Parks Canada reported in a press conference today, April 22, that Jess Roskelley, David Lama and Hansjorg Auer started climbing M-16 (VI WI7+ A2) on Howse Peak early Tuesday morning, April 16, summited around 12:30 p.m. and were likely killed in an avalanche while descending the east face of the mountain that day.
The bodies were found in a field of avalanche debris on Sunday, April 21. Roskelley’s phone was also recovered and contained a photo of the three climbers on top of the peak. They were reported overdue on Wednesday, April 17, but weather and increasing avalanche danger slowed search efforts.
Parks Canada Visitor Safety Manager Brian Webster said that when the men started the climb, the avalanche safety bulletin rated the potential hazards as “spring conditions,” which means “the danger is variable and can range from low to high.” By Wednesday, when the search began, the avalanche danger had increased dramatically. Helicopters flown by Alpine Helicopters found evidence of the climbers’ location and dropped a beacon to mark the spot. On Saturday, April 20, a searcher was deposited on the ground with a long-line and he remained attached to the helicopter the entire time to enable a fast evacuation if another avalanche were to occur. A search dog and handler were deposited via long-line the next day and found the bodies.
A press release from the Roskelley family reads:
All three men were considered to be some of the best alpinists in the world. Jess felt incredibly honored to be an athlete on The North Face global team…. We would like to send our utmost gratitude to the first responders and assisting agencies of Parks Canada including their Visitor Safety Specialist and the entire Incident Command Team, Lake Louise RCMP, Lake Louise Fire Department, Bow Valley Victim Services, the skilled pilots of Alpine Helicopters, and Brooke, the avalanche dog who located the climbers, and her handler. Additionally, we would like share our appreciation for the climbing community and the myriad of friends, family and acquaintances who have offered their sincere love and assistance to our family during this time. We would also like to send our deepest condolences to the families of David Lama and Hansjorg Auer of Austria. Jess was ecstatic to climb with these two men, who he looked up to and highly respected.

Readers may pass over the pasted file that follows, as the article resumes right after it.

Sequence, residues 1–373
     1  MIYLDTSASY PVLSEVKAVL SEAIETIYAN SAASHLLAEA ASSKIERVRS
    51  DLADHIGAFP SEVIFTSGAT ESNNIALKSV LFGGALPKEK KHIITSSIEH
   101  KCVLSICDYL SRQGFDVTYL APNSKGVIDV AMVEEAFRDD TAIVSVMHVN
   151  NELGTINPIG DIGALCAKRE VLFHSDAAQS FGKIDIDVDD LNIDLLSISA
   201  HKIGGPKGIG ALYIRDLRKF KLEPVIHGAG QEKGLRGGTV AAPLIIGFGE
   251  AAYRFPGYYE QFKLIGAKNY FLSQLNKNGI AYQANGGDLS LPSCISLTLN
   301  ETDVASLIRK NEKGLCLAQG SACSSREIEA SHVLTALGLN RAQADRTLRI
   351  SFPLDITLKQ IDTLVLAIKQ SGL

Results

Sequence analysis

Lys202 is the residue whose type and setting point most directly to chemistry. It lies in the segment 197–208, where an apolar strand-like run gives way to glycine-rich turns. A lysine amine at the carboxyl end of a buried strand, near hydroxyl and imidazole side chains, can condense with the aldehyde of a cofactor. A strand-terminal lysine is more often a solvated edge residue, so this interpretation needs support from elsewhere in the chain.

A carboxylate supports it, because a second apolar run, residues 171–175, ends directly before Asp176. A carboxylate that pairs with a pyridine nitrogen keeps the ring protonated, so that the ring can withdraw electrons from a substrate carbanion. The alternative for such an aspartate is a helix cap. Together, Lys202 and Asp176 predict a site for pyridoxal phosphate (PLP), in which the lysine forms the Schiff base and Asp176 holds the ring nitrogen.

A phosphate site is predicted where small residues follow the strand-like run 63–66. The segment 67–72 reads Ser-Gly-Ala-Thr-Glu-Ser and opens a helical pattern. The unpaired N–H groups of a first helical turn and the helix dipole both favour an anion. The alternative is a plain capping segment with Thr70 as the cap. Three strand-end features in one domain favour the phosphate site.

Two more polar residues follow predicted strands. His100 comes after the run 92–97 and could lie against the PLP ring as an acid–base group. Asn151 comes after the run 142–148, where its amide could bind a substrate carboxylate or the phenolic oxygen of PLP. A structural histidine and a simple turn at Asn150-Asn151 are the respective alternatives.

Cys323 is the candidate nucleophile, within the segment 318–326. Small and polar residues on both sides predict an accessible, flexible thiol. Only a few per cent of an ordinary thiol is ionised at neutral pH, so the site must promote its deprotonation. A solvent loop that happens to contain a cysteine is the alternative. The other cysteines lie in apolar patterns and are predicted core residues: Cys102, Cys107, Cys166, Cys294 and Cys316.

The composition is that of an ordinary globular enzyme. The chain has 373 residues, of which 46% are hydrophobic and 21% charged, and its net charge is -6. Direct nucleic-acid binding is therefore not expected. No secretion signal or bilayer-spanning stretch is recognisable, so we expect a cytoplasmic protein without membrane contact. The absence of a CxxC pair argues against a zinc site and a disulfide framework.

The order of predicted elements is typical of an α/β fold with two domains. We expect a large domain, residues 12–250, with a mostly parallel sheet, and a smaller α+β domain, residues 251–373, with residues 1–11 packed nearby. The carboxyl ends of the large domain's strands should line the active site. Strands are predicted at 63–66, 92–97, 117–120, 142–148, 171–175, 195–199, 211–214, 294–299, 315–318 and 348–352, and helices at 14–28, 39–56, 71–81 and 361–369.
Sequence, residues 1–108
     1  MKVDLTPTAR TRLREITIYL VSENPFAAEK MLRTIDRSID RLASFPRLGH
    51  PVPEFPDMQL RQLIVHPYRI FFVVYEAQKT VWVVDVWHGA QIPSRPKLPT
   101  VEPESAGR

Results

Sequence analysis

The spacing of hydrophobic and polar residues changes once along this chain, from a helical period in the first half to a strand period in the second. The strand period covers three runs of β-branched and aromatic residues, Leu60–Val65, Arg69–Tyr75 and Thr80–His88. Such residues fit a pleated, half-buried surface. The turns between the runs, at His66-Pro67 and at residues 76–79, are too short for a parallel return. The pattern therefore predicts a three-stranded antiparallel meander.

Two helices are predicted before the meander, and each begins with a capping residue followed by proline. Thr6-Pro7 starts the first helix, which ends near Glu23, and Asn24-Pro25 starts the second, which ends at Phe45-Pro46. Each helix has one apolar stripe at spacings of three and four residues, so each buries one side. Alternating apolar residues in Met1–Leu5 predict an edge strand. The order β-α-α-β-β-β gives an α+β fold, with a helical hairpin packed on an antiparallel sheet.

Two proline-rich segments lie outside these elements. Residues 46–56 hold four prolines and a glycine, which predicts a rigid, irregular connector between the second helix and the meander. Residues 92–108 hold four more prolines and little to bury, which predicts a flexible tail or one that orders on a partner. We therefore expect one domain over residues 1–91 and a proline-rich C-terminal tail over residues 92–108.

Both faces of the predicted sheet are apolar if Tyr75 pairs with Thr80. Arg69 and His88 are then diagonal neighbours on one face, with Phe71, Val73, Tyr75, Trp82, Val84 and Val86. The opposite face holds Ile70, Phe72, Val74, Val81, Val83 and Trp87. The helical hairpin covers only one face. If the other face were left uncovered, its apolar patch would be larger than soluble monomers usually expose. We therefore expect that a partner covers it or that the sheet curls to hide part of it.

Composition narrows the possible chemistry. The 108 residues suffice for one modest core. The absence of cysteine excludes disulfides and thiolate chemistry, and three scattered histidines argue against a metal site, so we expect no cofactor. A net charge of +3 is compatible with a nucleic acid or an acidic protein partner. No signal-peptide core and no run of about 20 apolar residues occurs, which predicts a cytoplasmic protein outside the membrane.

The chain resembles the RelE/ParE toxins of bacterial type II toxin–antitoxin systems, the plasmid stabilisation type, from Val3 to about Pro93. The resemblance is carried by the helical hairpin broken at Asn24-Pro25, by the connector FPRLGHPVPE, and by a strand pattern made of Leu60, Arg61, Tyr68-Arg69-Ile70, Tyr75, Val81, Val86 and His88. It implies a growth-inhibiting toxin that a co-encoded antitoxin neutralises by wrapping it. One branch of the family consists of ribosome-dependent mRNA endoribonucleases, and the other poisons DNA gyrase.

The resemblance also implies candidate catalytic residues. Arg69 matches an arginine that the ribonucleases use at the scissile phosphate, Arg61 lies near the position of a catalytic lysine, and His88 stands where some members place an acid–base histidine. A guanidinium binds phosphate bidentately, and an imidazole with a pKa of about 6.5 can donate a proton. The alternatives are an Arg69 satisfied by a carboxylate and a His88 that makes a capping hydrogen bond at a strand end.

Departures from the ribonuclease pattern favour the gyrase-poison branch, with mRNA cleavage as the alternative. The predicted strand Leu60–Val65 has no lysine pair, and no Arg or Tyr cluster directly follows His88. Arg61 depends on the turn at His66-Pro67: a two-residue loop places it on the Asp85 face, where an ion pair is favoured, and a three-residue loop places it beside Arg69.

This mountain, Howse Peak is among the most powerful mountains I’ve ever known. She changed many lives this week; in tragic ways. I lost three friends, three brothers. That is the least of it, I’m sure. I knew all three, but I knew [Auer] best of all. He was a both a friend and a God to me.
The greatest confusion for me personally in this moment is the role of the route M-16. A route I climbed over five days, now so vividly remembered, over 20 years ago. That climb took myself and Scott Backes and Barry Blanchard to the limits of skill, power, judgment, and yes–luck. It challenged our very life force and we nearly lost. I climbed one of the most difficult and dangerous pitches of my life. Barry was very nearly killed by collapsing snow. Scott held us together as a team far more powerful than it’s parts, then, and forever after. And now that power we knew, has killed.
I wish I had words to help the mournful understand who this mountain is. What climbing Howse Peak’s precipitous East Face means. It is simply this: The truest testing place of the most powerful men on their very best days…. These were great men. The true .01 percent. This is something each of them proved with actions over and over again. These men were immeasurable….
David Lama’s parents, Claudia and Rinzi Lama, posted on his Instagram page:
David dedicated his life to the mountains and his passion for climbing and alpinism shaped and accompanied our family. He always followed his own path and lived his dream. We will accept what now happened as a part of that.
We appreciate the numerous positive words and thoughts from near and far. Please understand that there will be no further comments from our side. We ask you to remember David for his zest for life, his enthusiasm and with a view towards his beloved mountains.
Our thoughts are with Hansjorg’s and Jess’ family.
A post from Auer’s “family and friends” on his Instagram page begins with a quote from his website:
“Climbing and mountaineering on the borderline of possible is a game–a risky game…but one that I cannot live without. The game is simple, the rules always the same. The present moment counts for everything. I want to do things that push me. With all my heart or not at all. The more intense it is, the more enriching it is, and the stronger the feeling that I am heading in the right direction. I do however begin to ponder. Especially when I am injured or after a close call. I think about my friends. I think about what it would be like if one day I didn’t return, if I had to pay the price for the mountains. And yet I cannot resist to take on the challenge time after time. I will never stop searching because what I find fascinates me every time I head out.”
Thank you to all for your kind words. Our thoughts are with the families and friends of David and Jess.–Family and Friends of Hansjorg
An earlier report with more details about the climbers and the route they were climbing can be found here.